Daniel Ricciardo has revealed that he is yet to get the call from Red Bull to confirm that he will be racing for them next season, despite all of the signs suggesting that he is set to join the defending world champions.
Ricciardo was initially shortlisted alongside Kimi Raikkonen and Jean-Eric Vergne for the seat next season after Mark Webber confirmed that he would be retiring at the end of the year. Vergne was quickly ruled out by Red Bull team principal Christian Horner, and news broke earlier this week quoting Raikkonen’s manager who confirmed that talks with the team were over. Despite appearing to be the last man standing, Ricciardo is refusing to believe that the move is a formality.
“Obviously there’s a bit of excitement around, maybe everyone gets a bit bored in the August break, I get bored don’t worry,” Ricciardo joked. “Nothing yet, nothing further to say from what I knew. Until it comes from someone over that side [Red Bull], whichever decision they make, as far as I know I’m still here for this year and don’t know anything about next year.
He also believes that teammate Jean-Eric Vergne is still an option for Red Bull, meaning that he cannot get complacent about securing the drive for 2014.
“I think I’ve learned that until something is signed, sealed, delivered, nothing is ever concrete, particularly in this environment. Whether that’s true or not, who knows, obviously there’s still my teammate Jean-Eric who as far as I am concerned isn’t out of the picture. There’s a lot of other F1 drivers on the grid with pretty good credentials, so as I said, until something is done, I’m not gonna start celebrating or getting my hopes up.”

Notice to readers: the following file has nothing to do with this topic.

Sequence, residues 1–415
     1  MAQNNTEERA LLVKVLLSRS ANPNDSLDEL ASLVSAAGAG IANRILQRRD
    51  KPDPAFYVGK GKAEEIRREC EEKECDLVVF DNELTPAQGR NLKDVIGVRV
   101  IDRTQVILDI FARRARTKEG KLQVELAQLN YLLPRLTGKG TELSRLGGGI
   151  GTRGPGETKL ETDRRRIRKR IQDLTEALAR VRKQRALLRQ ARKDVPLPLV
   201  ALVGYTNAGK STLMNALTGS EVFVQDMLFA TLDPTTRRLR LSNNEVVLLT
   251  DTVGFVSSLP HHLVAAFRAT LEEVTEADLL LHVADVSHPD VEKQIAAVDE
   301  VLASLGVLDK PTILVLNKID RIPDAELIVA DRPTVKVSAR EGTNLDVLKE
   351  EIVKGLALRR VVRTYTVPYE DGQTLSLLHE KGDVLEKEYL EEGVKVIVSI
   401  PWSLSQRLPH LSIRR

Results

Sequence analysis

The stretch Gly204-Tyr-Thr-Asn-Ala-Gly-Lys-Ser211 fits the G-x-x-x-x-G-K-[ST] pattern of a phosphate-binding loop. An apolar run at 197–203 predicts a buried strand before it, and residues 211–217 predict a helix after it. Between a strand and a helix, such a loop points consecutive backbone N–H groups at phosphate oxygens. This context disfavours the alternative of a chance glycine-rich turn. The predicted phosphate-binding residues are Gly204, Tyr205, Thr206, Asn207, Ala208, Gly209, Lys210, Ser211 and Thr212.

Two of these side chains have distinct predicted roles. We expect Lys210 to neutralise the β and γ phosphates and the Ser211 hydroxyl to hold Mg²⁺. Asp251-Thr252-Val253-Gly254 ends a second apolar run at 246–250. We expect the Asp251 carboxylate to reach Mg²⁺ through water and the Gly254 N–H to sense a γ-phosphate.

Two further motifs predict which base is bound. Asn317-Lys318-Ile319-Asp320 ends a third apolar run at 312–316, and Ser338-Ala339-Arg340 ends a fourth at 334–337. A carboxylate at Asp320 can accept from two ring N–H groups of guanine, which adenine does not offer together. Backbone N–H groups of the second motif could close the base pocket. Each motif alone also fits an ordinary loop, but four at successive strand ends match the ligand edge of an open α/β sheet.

Had Ricciardo impressed Red Bull enough, one would assume that the announcement would already have been made. Instead, he is being forced to bide his time which, all the while, is allowing other drivers to throw their hat into the ring for Webber’s seat next season.
Schmidt Peterson aiming high with Hinchcliffe, Wickens
“We’re hoping to give Toronto and Ontario and Canadian sports fans in general something to cheer about over the next season,” Hinchcliffe quipped during a teleconference on Wednesday.
Granted, there are likely to be several challenges to overcome, notably for Wickens, who returns to single-seater competition for the first time since 2011, when he was a champion of the Formula Renault 3.5 series and served as test driver for the now defunct Manor Racing (then known as Marussia Virgin Racing).
Having spent every year since then in DTM, where he won a total of six races and finished as high as fourth in the championship (2016), Wickens knows returning to open wheel competition will be an adjustment. However, he explained that the history of Schmidt Peterson Motorsports, specifically its Indy Lights history, speaks to their ability to help a driver adapt, and he rates the program they’re putting together very highly.
“I think Schmidt Peterson Motorsports have a fantastic driver development program. They showed that in their multiple Indy Lights championships along the way. I think we will have a strong program in place. I have a feeling that the simulator will be my new best friend,” Wickens said when asked about getting reacquainted with an open-wheel car.